Don’t take it personally: Accepting Criticism and Growing as a Writer

*This is something I’ve dealt with a lot, and has recently become relevant again. I’ve been getting better at it, but accepting criticism and changing my own work according to that criticism is still a pretty difficult process. 

There was a time that I would get critique on something and immediately decide “well this isn’t good at all”, and give up on it. This is one of the worst things a new writer can do, and unproductive for a number of reasons. First, and most obviously, when you give up after criticism you abandon a project that might have been very good! Pieces of writing develop and go through a number of phases before they’re publishable, or even readable. Second, and more importantly in the long run I think, when you give up immediately, even if you start something else, you undermine yourself and your writing ability because you don’t finish the piece. The ability to revise and develop a piece of writing over time is more important in my opinion than being able to write something perfect on a first try. If you can’t take criticism, you’ll never get any piece past its first draft.

One of the most important things that has happened for me in the last couple years, in terms of my writing ability, is that I’ve put a conscious effort into developing a thicker skin, and the ability to distance myself from my work enough to change it. No work is perfect when it is first written. You have to remember that no matter what it looks like, NO ONE can write a perfect story the first time around. Especially for beginning writers, or people who (like myself!) have only recently started sending their work out and getting it critiqued, it may seem like everything you read by other people is perfect and sprang from its creator’s head like Athena from the head of Zeus. Please, please, please, remember that a) these are probably not the author’s first works, they’re probably the result of lots of practice, and b) they’ve probably gone through tons of drafts and edits!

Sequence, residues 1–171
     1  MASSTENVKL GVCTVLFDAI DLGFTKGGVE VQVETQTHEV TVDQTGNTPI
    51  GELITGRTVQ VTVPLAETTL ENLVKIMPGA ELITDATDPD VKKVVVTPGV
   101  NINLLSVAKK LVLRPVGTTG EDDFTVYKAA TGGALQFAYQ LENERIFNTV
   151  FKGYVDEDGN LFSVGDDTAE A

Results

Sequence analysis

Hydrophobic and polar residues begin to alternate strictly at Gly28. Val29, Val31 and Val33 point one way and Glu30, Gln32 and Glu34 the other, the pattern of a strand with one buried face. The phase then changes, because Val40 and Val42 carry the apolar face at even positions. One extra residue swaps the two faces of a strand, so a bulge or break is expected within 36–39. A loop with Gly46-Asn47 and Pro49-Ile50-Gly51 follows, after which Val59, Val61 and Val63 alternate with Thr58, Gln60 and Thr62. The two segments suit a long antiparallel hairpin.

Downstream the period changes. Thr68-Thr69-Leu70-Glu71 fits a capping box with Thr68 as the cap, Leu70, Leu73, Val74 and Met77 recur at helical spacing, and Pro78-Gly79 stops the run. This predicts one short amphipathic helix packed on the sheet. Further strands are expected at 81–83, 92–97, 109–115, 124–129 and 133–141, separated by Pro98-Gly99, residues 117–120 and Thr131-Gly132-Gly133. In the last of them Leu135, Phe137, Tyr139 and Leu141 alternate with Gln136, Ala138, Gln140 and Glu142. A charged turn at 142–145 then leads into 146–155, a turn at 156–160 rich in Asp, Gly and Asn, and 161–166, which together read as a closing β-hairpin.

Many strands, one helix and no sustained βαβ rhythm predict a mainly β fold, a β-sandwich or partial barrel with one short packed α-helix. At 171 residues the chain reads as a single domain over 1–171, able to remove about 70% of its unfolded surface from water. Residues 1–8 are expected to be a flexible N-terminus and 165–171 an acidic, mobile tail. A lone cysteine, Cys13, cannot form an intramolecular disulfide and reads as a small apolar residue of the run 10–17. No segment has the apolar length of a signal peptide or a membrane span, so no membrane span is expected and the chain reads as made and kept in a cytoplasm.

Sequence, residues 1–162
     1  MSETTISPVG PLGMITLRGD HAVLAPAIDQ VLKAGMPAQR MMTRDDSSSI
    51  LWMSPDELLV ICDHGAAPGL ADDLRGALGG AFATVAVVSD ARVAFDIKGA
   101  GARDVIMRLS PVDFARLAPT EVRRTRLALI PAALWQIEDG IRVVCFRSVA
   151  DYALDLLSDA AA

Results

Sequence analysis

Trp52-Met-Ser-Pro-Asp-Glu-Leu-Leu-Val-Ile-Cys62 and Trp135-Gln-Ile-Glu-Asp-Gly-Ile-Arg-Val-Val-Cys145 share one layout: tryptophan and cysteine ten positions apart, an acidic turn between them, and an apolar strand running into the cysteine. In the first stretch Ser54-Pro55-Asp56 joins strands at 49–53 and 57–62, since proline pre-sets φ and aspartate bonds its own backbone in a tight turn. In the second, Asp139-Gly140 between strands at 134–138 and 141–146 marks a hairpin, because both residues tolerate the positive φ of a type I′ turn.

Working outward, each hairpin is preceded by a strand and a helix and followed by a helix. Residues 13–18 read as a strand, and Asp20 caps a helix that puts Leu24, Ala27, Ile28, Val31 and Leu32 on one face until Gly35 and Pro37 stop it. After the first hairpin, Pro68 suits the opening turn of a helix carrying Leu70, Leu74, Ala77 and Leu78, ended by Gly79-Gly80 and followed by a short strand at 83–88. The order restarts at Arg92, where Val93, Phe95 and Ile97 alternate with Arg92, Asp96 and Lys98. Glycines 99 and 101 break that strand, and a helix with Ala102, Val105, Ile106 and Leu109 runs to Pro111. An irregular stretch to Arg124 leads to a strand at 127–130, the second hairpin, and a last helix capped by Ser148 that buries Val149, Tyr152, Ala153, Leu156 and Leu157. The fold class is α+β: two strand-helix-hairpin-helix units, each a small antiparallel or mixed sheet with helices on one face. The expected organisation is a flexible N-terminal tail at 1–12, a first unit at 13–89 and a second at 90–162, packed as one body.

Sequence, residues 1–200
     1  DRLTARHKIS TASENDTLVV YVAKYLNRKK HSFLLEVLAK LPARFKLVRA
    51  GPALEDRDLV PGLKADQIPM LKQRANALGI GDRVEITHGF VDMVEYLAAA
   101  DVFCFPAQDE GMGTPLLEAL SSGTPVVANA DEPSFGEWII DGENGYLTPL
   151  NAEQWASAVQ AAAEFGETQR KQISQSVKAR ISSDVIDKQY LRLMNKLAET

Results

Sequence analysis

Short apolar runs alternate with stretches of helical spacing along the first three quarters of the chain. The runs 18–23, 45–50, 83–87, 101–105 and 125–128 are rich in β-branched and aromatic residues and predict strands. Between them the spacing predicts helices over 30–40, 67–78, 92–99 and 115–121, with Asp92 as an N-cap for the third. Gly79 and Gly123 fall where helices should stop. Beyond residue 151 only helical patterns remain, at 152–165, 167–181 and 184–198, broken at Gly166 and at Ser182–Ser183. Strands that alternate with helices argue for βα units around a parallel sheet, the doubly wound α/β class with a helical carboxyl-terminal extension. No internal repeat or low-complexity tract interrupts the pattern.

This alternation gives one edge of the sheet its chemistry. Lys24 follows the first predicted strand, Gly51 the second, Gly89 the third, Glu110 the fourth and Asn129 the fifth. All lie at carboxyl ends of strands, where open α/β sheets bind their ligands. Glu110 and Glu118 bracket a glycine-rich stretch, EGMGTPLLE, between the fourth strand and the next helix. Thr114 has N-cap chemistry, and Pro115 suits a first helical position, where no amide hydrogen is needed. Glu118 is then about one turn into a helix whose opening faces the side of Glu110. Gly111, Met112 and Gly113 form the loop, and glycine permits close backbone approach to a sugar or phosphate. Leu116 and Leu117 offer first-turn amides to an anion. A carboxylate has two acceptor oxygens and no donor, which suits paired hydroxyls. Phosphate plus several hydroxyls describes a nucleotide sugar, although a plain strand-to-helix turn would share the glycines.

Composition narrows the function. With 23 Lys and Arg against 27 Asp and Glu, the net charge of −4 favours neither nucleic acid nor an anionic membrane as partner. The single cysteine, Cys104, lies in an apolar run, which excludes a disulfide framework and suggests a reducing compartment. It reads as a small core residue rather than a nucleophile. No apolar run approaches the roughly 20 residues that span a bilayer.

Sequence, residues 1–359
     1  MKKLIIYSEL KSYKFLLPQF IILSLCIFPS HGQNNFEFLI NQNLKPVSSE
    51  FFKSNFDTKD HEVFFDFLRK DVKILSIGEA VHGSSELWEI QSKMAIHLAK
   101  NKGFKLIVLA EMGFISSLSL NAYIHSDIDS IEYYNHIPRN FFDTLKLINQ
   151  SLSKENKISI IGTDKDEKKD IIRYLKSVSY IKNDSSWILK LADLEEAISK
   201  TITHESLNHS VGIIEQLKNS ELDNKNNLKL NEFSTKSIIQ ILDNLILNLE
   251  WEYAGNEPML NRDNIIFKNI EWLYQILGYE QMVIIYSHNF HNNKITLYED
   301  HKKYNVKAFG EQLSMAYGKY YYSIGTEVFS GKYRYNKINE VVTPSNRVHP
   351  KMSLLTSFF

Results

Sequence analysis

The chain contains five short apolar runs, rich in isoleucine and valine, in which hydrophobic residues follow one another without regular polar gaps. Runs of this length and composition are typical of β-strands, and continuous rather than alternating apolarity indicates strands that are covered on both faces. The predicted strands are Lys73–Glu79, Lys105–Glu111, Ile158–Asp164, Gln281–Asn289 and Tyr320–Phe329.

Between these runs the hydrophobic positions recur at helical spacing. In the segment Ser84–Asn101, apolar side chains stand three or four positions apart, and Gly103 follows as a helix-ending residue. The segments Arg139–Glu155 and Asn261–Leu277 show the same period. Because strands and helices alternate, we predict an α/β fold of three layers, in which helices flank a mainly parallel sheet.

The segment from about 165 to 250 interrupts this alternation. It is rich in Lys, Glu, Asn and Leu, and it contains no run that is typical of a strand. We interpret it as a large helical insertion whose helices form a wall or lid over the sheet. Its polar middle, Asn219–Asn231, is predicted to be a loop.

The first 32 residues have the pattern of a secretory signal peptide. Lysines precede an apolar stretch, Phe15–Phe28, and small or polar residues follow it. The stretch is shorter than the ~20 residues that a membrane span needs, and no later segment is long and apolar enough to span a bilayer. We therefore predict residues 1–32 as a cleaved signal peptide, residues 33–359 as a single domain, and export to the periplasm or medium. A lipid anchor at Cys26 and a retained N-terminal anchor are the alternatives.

At the beginning (well, not the beginning beginning, but when I first showed someone else a piece of writing) I got criticism I wasn’t expecting and it triggered such a powerful, visceral sense of anxiety and hopelessness that I immediately gave up the project. I have a very clear memory of opening the marked-up document, my vision blurring and my heart beating funny, and shutting my laptop with a snap. I kept writing other things, though, and tried again, and forced myself to listen to what other people had to say. And each time I did this, it got easier. Even if the reader decided they didn’t like my main characters, or that my plot sucked, or whatever, I at least considered their opinion, and I didn’t take it personally. That was the first real step, I think, in my journey towards becoming a legitimate writer. Don’t take it personally.

Nowadays, I still get anxious when I get critique, but I recently got a rejection from a very kind editor at Expanded Horizons who actually took some time to tell me what was wrong with what I wrote, and I’m in the process of rewriting that story from beginning to end. It’s embarrassing, having someone else tell you something you did wrong, especially for someone who is so deeply connected to their art, as most writers I know are. But the embarrassment of getting critique is as much a part of being a (published) writer as is actually writing, and you can only fully realize your talent when you accept the embarrassment and the anxiety and work through them.

[note: this is a somewhat old post (an earlier version was first published on my old blog, that has been edited and transferred to my new writing blog.]

3 thoughts on “Don’t take it personally: Accepting Criticism and Growing as a Writer

  1. I agree. I’ve only had minor criticisms – more just suggestions, really – from my friends. The thought of a stranger really laying into my work… I think I’d react just like you. Feel sick, close the laptop and cry!


    • Haha, yeah. It’s kind of like getting calluses (or scars). The more harsh feedback you get, the easier it is to take. I find that when I get feedback I don’t want to look at, I rip off the bandaid and read it quickly, then go away for a while and read it again more slowly, while thinking about the story.

      Liked by 1 person

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